The motto of school voucher advocates in Missouri must be, “If at first you don’t succeed, try, try again, because big money donors to state legislators who favor vouchers have already given more campaign contributions–fourteen months before the elections!–than they did in 2004 and 2006.
In 2004, $385,340 was donated. Last year, even though it was an off year election, contributions went up; pro-voucher candidates received $403,840. So far in this election cycle, $483,850 has already been given. Of course, a major reason the contributions are so high this cycle is that between January and June there were no caps on contributions.
Indeed, now that the Supreme Court has put the kibosh on that travesty, Jay Nixon is returning all his over-the-limit contributions. But the big honcho in the pro-voucher camp, Rex Sinquefield (pictured), filed a legal argument with the Supreme Court asking that none of his donations be returned to him. His brief, almost but not quite, said: I bought ’em fair and square. Okay, what he actually said was that his political groups gave money early in the cycle because that’s when it helps the most, and he doesn’t want it back. For whatever that argument is worth.
Which brings us to Sinquefield’s two groups: All Children Matter and the infamous Show Me Institute.
All Children Matter exists in only ten states, and we’re among the lucky ones to be targeted. Most of the money for it comes from out-of-state, with less than a third coming from actual Missourians. Make that Missourian, singular, as in Rex Sinquefield. Ninety-five percent of the in-state contributions come from him.
The Show Me Institute, on the other hand, is based in St. Louis. The ProVote website tells us that:
Their work “is rooted in the American tradition of free markets and individual liberty” and “seeks to move beyond the 20th-century mindset that every problem has a government.”
These groups and their legislative supporters want Missouri tax money going to private schools. They have a problem, though: the Missouri constitution forbids that. So they have come up with an ingenious shell game to circumvent the law. It’s called tax credits, and here’s how it works. Say I want to send my child to a Catholic parochial school. If a tax credit law were passed, I could get the Missouri taxpayers to foot most of the bill if I donated to a scholarship fund at that school. I would give the fund $1000, and–this is if the pro-voucher people could ever get the law they want passed–the state would tell me that I get an eighty percent tax credit. In other words, I would get to take $800 of that $1000 off my Missouri taxes. Then the school conveniently would happen to award that $1000 scholarship to my child! Can you imagine such a coincidence? What are the odds?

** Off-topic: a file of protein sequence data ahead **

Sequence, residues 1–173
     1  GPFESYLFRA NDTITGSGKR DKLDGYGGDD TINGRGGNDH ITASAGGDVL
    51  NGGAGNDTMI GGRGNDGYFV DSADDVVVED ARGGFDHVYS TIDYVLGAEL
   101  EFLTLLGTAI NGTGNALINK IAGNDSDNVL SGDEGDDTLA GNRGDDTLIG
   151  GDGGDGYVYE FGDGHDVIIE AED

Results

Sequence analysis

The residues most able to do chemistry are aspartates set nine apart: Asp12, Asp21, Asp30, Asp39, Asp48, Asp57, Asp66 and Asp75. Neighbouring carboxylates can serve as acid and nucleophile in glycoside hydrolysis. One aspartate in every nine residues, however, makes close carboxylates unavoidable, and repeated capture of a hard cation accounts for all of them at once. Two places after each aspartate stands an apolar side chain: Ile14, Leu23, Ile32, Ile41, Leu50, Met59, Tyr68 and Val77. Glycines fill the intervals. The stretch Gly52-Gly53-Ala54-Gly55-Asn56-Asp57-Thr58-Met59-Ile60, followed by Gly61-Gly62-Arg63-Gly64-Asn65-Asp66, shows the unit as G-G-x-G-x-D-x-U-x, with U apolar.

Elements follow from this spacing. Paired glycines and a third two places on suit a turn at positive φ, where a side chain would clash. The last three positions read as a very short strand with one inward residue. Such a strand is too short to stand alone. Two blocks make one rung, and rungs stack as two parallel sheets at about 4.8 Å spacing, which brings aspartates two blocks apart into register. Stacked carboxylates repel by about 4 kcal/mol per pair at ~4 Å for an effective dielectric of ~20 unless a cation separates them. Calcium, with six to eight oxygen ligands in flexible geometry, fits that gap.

That way, you see, Missouri wouldn’t have to give any money at all to a private school. The state would still be out $800, but technically it wouldn’t be supporting a religious school. So far, each attempt to pass this law has been resoundingly defeated. Thank goodness, because if it had passed, it would have cost Missouri $40 million dollars this year.
A few of the legislators voting for this shell game are doing so in good conscience. Rodney Hubbard, Talibdin El-Amin, and Ted Hoskins, for example, are concerned about the plight of students in the St. Louis City Schools. Most of the legislators who voted for it, however, are hypocrites. They claim to be worried about poor children stuck in bad schools, but almost without exception they voted for Blunt’s Medicaid cuts.
And anyway, the poor children aren’t very likely to be helped by these tax credits. Even if parents of children in inner city schools could afford their share of the tuition, the religious schools reject two out of three children who apply. They take the cream of the crop.
No, the push for tuition tax credits is aimed at helping the affluent. Erlaine Eltoomi mentioned at the recent West County Dems meeting that some churches have contrived another back door voucher plan. Impatient that no tuition tax credits have been passed, some churches are declaring that any money a parishioner gives above a certain amount can be directed toward tuition at that church’s school. Church donations, you see, are tax deductible. That’s one more reason I’d favor doing away with tax deductions for church donations.
Look, if we’re going to get stuck with an extra forty million bill for education, let’s invest that money in the public schools, the poorest ones, and see if we can actually solve some of the problems.
Thanks go to Fired Up! for the photo of Rex Sinquefield.